Sen. Feinstein, fellow Democrats unveil immigration reform proposal

U.S. Senator Dianne Feinstein and fellow Democrats unveil immigration framework in Washington D.C., April 29, 2010.
U.S. Senator Dianne Feinstein and fellow Democrats unveil immigration framework in Washington D.C., April 29, 2010. Kitty Felde/KPCC

This Saturday, hundreds of thousands of activists will march in Los Angeles and other cities to demand action on immigration.

California’s senior U.S. Senator joined Democratic colleagues tonight to unveil their proposal for immigration reform.

Many Congressional Republicans say if you want to fix a broken immigration system, border security is the top priority.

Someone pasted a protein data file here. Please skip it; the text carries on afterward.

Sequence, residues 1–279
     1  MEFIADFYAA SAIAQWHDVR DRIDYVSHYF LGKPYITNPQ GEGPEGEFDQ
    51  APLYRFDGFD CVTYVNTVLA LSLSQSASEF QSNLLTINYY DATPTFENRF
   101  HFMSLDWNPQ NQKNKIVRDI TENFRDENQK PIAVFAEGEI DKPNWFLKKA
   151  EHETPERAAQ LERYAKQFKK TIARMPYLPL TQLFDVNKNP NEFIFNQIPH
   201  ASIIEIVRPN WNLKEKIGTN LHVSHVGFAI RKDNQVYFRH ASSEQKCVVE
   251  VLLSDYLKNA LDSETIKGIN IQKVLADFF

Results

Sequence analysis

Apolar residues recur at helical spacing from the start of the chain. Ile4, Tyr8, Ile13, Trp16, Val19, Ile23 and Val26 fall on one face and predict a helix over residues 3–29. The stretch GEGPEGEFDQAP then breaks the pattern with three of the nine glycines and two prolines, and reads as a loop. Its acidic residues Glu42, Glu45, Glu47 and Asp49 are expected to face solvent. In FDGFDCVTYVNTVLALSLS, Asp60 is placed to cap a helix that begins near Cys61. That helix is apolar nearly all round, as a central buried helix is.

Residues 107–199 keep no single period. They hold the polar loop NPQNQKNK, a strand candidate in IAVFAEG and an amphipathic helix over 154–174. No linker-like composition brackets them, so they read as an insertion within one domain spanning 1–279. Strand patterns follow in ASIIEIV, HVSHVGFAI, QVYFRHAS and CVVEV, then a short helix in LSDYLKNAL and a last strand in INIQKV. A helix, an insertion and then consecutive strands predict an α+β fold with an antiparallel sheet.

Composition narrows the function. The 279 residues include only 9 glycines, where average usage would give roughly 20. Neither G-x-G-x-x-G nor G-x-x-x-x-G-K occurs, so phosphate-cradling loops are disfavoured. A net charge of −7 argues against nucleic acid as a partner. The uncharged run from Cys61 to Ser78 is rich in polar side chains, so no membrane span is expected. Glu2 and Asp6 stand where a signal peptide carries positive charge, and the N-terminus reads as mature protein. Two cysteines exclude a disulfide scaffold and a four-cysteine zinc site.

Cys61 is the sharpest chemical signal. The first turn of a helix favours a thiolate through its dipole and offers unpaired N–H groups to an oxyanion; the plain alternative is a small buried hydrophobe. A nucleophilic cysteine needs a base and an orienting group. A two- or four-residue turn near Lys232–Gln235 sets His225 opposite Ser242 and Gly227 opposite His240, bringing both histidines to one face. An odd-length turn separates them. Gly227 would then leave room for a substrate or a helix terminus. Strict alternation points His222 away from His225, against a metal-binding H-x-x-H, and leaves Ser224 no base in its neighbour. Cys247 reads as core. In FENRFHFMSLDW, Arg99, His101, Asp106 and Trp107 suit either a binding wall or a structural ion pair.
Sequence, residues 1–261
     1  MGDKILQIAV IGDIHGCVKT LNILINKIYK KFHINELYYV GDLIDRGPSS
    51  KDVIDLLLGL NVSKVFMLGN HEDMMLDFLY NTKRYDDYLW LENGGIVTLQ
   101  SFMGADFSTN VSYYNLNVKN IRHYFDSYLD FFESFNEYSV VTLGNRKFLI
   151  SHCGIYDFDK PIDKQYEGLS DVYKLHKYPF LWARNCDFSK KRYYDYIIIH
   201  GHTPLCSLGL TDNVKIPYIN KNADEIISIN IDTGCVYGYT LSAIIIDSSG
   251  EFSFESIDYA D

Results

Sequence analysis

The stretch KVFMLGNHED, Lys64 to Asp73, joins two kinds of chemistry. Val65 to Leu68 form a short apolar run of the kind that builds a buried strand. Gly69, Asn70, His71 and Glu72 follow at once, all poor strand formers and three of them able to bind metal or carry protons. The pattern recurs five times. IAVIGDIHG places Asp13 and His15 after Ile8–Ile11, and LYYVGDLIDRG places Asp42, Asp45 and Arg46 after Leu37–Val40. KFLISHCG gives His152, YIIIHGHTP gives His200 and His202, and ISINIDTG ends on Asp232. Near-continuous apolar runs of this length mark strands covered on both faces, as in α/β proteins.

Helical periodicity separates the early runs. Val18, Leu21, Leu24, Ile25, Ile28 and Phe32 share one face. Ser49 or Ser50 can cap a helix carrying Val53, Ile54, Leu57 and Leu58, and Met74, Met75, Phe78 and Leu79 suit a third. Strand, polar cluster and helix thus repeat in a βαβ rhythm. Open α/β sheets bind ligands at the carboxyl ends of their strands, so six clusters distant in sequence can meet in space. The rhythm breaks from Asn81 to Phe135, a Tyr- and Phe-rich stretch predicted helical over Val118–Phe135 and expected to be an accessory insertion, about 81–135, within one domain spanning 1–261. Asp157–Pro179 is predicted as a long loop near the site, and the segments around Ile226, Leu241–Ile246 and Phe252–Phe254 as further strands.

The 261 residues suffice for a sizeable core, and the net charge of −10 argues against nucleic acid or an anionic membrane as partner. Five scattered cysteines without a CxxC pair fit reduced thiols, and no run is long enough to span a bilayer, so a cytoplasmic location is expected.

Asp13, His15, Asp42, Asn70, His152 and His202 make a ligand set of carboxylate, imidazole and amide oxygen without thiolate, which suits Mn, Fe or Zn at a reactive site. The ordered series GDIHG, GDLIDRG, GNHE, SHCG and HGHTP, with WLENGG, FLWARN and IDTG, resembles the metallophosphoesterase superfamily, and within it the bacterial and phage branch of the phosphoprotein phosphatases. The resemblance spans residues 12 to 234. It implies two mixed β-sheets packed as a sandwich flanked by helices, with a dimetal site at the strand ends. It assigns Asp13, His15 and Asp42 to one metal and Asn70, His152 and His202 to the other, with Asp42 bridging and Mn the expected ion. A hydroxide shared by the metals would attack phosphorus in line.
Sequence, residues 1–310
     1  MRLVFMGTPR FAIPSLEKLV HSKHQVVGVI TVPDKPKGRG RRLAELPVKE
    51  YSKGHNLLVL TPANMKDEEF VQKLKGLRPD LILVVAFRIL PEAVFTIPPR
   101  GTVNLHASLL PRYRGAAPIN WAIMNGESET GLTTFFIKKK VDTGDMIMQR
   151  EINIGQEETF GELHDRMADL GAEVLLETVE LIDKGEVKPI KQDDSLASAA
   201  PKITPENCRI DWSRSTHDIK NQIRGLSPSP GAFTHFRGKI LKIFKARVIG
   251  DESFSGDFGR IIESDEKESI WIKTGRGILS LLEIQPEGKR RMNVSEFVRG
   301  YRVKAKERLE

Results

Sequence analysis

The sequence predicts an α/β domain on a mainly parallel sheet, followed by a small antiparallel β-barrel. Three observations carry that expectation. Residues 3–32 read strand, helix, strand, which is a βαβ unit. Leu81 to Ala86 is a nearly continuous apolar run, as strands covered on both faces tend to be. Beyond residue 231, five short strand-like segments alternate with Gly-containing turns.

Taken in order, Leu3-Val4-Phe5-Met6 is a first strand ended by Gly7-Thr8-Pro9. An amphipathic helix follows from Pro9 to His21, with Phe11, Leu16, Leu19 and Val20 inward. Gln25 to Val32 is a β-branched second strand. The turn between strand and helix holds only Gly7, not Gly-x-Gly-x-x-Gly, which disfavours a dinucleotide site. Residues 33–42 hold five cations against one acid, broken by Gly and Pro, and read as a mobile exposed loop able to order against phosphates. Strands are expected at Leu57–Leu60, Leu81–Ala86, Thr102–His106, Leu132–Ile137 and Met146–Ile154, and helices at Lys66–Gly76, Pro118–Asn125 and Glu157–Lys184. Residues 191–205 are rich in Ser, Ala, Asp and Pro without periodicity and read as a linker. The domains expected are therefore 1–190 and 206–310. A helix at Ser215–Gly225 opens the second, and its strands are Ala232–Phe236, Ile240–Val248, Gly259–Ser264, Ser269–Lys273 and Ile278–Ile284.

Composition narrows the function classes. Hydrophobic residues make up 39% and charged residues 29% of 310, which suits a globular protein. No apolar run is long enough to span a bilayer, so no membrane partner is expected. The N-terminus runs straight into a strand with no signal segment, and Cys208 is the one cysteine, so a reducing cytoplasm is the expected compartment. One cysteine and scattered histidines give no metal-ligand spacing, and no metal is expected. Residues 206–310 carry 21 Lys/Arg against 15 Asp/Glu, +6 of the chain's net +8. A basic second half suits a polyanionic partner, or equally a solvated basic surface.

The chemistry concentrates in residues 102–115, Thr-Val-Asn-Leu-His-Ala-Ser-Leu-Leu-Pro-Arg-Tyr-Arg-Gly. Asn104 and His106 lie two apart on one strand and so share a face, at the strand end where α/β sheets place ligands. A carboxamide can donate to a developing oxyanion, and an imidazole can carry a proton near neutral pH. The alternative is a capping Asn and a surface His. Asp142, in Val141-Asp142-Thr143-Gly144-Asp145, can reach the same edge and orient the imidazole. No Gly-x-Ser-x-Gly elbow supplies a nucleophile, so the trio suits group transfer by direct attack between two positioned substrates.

Democratic Senator Dianne Feinstein of California says that’s the same argument naysayers used when the Senate failed to pass an immigration reform five years ago. She says the border is better staffed today than at any time in its 85-year history.

"The number of border patrol agents has been doubled since that time from 10,000 to 20,000," she says. "And almost all of the fencing mandated by the Congress has in fact been completed."

Now, Feinstein says, it’s time to also tackle the other parts of immigration reform.

The Democratic proposal includes a high-tech social security card to verify employment status, a guestworker program for agriculture, and a pathway to citizenship for the estimated 12 million undocumented immigrants already living in the U.S.

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